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Chimu Blackware Stirrup Vessel

Pre-Columbian, Peru, Chimu, ca. 1000 to 1300 CE. A superb burnished blackware, mold-made stirrup vessel, with twin zoomorphic lugs in the form of frogs emerging from each side of the stirrup, and an adorable spider monkey perched upon the stirrup at the juncture to the spout. A vessel like this one may have been used ceremonially for holding chicha (maize beer) and for pouring libations onto the earth or storing them in the grave. A wonderful piece of ancient New World pottery, replete with symbolic iconography (as discussed below), a graceful form, and a lustrous burnished finish. Size: 6.375" W x 8.75" H (16.2 cm x 22.2 cm)

In the Pre-Columbian world frogs were associated with rain, all the sustenance it ensures, and by extension fertility. Their croaking sound was believed to herald rainstorms. In essence, frogs were thought to be powerful rainmakers. Their connotations with fertility stem from the fact that frogs lay thousands of eggs and typically assume a squatting position, as we see here, akin to a woman in childbirth. As for the monkey, understanding simian creatures as mimics of human culture, most ancients of the Americas regarded the monkey as a mediary between man and the supernatural as well. Indeed monkeys have always fascinated humankind, with their zany antics that seem to mirror and at times parody humans.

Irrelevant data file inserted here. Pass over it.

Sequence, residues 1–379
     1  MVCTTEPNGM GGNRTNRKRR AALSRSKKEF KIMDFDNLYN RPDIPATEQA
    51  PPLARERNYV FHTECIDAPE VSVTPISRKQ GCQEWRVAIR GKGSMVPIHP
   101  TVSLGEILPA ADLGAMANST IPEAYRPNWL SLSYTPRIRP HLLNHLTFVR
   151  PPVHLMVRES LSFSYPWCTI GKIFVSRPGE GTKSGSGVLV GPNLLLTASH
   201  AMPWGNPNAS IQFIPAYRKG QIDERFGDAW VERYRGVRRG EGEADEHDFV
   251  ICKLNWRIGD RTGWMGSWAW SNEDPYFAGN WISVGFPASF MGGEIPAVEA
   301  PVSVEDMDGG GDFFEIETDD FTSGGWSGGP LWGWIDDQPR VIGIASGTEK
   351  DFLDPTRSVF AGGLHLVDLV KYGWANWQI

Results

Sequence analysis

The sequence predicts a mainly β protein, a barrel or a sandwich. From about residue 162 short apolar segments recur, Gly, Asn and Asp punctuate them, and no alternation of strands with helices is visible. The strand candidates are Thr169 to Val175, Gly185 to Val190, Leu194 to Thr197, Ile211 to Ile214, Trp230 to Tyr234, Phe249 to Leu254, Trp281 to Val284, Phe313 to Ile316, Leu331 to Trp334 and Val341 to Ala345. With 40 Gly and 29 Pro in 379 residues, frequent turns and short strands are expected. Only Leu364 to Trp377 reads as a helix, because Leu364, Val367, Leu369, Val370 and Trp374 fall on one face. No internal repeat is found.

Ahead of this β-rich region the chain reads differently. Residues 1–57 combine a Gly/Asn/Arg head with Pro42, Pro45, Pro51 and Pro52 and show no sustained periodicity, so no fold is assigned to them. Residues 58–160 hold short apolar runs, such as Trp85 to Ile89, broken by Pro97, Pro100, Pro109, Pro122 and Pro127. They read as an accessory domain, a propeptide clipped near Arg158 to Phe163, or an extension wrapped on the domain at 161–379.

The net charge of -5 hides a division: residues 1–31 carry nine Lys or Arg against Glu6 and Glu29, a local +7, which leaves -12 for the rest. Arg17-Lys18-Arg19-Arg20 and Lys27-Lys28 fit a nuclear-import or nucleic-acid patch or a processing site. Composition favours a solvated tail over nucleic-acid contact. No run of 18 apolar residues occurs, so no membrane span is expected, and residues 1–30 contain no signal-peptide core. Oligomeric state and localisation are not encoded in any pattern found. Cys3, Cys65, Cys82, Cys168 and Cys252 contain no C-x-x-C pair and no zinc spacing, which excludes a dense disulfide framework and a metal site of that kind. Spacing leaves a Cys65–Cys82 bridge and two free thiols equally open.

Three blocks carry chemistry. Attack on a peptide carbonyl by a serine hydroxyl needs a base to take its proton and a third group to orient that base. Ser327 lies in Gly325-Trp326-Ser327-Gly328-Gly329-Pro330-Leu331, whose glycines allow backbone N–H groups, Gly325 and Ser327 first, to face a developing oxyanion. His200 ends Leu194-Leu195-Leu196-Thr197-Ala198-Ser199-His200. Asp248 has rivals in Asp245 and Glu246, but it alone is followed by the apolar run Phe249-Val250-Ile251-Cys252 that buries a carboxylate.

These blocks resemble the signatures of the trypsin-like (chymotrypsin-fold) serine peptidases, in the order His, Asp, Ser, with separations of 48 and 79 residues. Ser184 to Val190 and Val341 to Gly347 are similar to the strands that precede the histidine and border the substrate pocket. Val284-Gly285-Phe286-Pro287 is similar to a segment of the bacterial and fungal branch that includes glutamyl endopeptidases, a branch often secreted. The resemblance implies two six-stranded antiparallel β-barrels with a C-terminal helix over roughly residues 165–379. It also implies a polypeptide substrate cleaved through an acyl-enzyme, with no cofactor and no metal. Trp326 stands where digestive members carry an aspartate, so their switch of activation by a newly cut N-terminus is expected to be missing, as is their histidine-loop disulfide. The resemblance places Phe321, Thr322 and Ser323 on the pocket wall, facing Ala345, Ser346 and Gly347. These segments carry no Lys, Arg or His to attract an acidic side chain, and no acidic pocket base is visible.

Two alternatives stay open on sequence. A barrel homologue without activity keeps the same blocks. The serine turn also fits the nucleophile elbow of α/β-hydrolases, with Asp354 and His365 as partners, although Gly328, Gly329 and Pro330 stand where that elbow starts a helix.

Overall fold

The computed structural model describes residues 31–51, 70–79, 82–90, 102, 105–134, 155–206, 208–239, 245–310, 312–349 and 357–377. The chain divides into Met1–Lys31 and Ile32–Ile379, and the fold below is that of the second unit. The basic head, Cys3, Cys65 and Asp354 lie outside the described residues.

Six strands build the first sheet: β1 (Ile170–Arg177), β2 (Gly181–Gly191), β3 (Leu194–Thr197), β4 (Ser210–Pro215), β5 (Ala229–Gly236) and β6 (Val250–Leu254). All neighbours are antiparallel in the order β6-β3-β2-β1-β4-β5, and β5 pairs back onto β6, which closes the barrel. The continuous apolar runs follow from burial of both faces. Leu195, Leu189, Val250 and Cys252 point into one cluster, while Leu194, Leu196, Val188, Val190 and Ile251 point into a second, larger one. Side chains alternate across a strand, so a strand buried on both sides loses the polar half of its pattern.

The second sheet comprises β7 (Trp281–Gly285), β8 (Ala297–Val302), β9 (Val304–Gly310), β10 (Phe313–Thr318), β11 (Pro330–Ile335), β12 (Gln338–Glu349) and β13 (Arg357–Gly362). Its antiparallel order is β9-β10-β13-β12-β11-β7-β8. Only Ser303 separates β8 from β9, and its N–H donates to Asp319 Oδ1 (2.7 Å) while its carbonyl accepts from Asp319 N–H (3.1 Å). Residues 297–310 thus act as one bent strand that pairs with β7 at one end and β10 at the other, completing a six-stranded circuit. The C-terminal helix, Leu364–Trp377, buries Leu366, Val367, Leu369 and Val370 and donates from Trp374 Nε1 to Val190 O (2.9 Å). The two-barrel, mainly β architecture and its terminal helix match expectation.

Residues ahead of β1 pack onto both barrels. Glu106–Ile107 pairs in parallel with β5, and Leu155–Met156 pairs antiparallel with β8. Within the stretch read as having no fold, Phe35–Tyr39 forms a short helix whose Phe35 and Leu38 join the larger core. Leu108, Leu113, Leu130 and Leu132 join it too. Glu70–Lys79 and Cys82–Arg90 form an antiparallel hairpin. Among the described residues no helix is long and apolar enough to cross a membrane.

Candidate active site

Condition: Patched probe hole, though well done and nearly invisible. Areas of mineral deposits.

Provenance: Ex-Madrone collection acquired from Artemis Gallery, EX- Saucedo collection acquired prior to 1970

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